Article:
Hydraulic steering unit

The steering unit (Orbitrol) is attached to the pedal console which is housed at the centre of the front firewall in the cab. Its characteristics are written on a plate riveted to the lower part of the spool valve.
The hydraulic steering system has no mechanical connection between the steering wheel and steering ram.
The system comprises the following main components:
- a pressurised oil supply from the low flow rate stage of the hydraulic pump,
- a hydrostatic (Orbitrol) steering unit fitted in parallel,
- a central double acting ram.

Hydraulic steering operation
The spool valve receives a priority supply from the low flow rate circuit. When the steering wheel is turned, the necessary flow of oil is directed to the corresponding side of the steering ram. Excess flow rate not required by the ram is directed via return ports to the 17 bar valve located on the left-hand hydraulic cover.
In case of an engine breakdown or hydraulic failure, the spool valve acts as a hand-operated pump so that the steering can be controlled. Operating in this way requires greater effort to be applied to the steering wheel.

Description of the hydraulic steering unit (Orbitrol)
The Orbitrol comprises a selector spool valve, a spring centred supply sleeve and a drive shaft linked to the steering column. It has four hydraulic ports:
- pressure;
- return to the 17 bar valve;
- two supplies to the steering ram.
The circuit is protected by a safety valve, two shock valves and two suction valves.

Parts list
(1) Screw (2) Screw (3) Seal (4) Closing plate (5) O’ring (6) Stator (7) Cotter pin (8) O’ring (9) Rotor (10) Spacer (11) Link shaft (12) Washer (13) Centring springs (14) Needle bearing (15) Ring (16) Washer
(17) O’ring (18) Relief valve (19) Seal (20) Shock valve (21) Orbitol steering unit (22) Non-return valve (23) Suction valves (24) Ring (25) Spool valve (26) Non-return valve (27) Sleeve (28) O’ring (29) Distributor plate (30) O’rings (31) Manifold (32) Screw

Layout of the main components of the front axle and hydraulic ports

Front axle system 
(1) 2RM axle beam (2) 4WD fixed front axle (3) 4WD suspended front axle
A Steering ram
B Location of steering column
LM Mechanical links 

Hydraulic ports 
L Supply to left-hand union of the steering ram
P Low flow rate - low pressure supply from the hydraulic pump (right-hand cover)
R Supply to right-hand union of the steering ram
T Supply to the 17 bar valve housed in the left-hand hydraulic cover

Neutral position (engine running)

In this position the spool valve (25) is centred in relation to the sleeve (27) by the springs (13). The channels (P1), (L) and (R) are not supplied. The oil coming from port (P) passes directly via hose (T) to supply the 17 bar valve. The circuit is open centre. Two shock valves (20) and two suction valves (23) are located in ports (L) and (R) of the spool valve. The shock valves (20) protect the circuit between the steering ram and the spool valve from overpressure caused by mechanical shocks to the front wheels. The suction valves (23) allow the oil released by the shock valves (20) to pass from the right-hand channel to the left-hand channel or vice versa depending on the movement of the piston inside the steering ram.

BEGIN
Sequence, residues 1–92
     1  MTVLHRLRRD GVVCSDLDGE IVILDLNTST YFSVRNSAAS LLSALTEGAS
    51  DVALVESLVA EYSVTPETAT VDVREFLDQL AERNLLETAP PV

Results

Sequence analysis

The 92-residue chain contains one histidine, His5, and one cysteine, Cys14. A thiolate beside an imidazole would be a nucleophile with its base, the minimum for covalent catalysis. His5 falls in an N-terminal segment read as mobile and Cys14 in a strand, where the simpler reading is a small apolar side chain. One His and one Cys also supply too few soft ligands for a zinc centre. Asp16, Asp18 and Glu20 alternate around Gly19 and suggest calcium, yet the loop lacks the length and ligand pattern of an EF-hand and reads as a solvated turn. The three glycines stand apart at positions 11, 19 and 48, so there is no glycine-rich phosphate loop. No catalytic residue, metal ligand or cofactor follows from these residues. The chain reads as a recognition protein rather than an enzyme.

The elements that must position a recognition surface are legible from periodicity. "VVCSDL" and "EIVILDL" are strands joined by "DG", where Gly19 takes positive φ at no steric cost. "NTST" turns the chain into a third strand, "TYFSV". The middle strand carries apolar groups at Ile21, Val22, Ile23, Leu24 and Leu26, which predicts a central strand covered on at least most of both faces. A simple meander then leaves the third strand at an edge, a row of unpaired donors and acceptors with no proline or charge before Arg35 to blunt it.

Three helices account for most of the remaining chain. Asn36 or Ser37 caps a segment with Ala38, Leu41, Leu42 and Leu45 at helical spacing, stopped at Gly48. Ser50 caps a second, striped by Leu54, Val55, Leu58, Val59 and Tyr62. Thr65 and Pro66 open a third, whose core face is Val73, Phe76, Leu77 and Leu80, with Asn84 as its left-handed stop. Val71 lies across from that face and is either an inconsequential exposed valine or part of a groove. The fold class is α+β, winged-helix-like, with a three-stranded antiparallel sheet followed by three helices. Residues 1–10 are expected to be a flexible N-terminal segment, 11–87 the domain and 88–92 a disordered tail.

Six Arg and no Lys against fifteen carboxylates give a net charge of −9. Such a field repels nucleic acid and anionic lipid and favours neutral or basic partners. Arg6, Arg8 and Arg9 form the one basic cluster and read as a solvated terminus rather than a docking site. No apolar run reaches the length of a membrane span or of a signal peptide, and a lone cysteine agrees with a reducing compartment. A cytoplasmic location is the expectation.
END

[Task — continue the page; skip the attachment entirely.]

Steering on lock position (engine running)

Action on the steering wheel (to the left or right) produces an angular displacement of the spool valve (25) in relation to the sleeve (27). The flow coming from the pump is directed to the metering device (stator (6) and rotor (9)). The rotor (9) is rotated and directs back into the cylinder a quantity of oil proportional to the rotational angle. The rotor (9) turns proportionally to the steering wheel.

For example:
Let us suppose that the steering wheel is turned by 5°. An angular displacement of 5° of the spool valve (25) is produced in relation to the sleeve (27). The rotor (9) is driven in rotation as long as it is supplied. It drives with it the link shaft (11) and sleeve (27). When these have turned 5°, the spool valve (25) and sleeve (27) are centred again, by springs (13). The rotor ceases to be supplied and stops.
This same reasoning applies to greater angles. The quantity of oil delivered by the steering unit to the cylinder (A) is therefore proportional to the rotational angle of the steering wheel. The spool valve (25) allows, whether steering lock is applied to the left or right, to direct oil fed by the metering device (stator (6) and rotor (9)) to port (L) or (R). During rotation, the sleeve (27) ensures the synchronous communication of the metering device cavities with the circuit from the pump, on the one-hand, and the circuit to the cylinder (A), on the other hand. A non-return valve (26) is screwed into the supply port of the spool valve. This one-way valve stops excessive pressure or blows received by the front wheels from being transmitted to the pump whenever steering lock is applied. If the pressure in the circuit is too high, the relief valve (18) located in the spool valve is activated: the excess pressure is then directed to the channel (T).

Manual steering (engine stopped)

When the pump is no longer operating or the available pressure is too low, the metering device is no longer hydraulically driven. It is no longer power assisted. In this case, action on the steering wheel compresses the centring springs (13). 

The angular clearance between the pin (7) and the sleeve (27) is reduced to zero resulting in mechanical rotation of the metering device (stator (6) and rotor (9)). The steering unit then operates in the same way as a hand pump. The oil returning from steering ram (A) passes through the non-return valve (22) and supplies the metering device. The pressure generated is proportional to the torque applied to the steering wheel. The effort therefore required to turn the wheel in order to steer the tractor is much greater.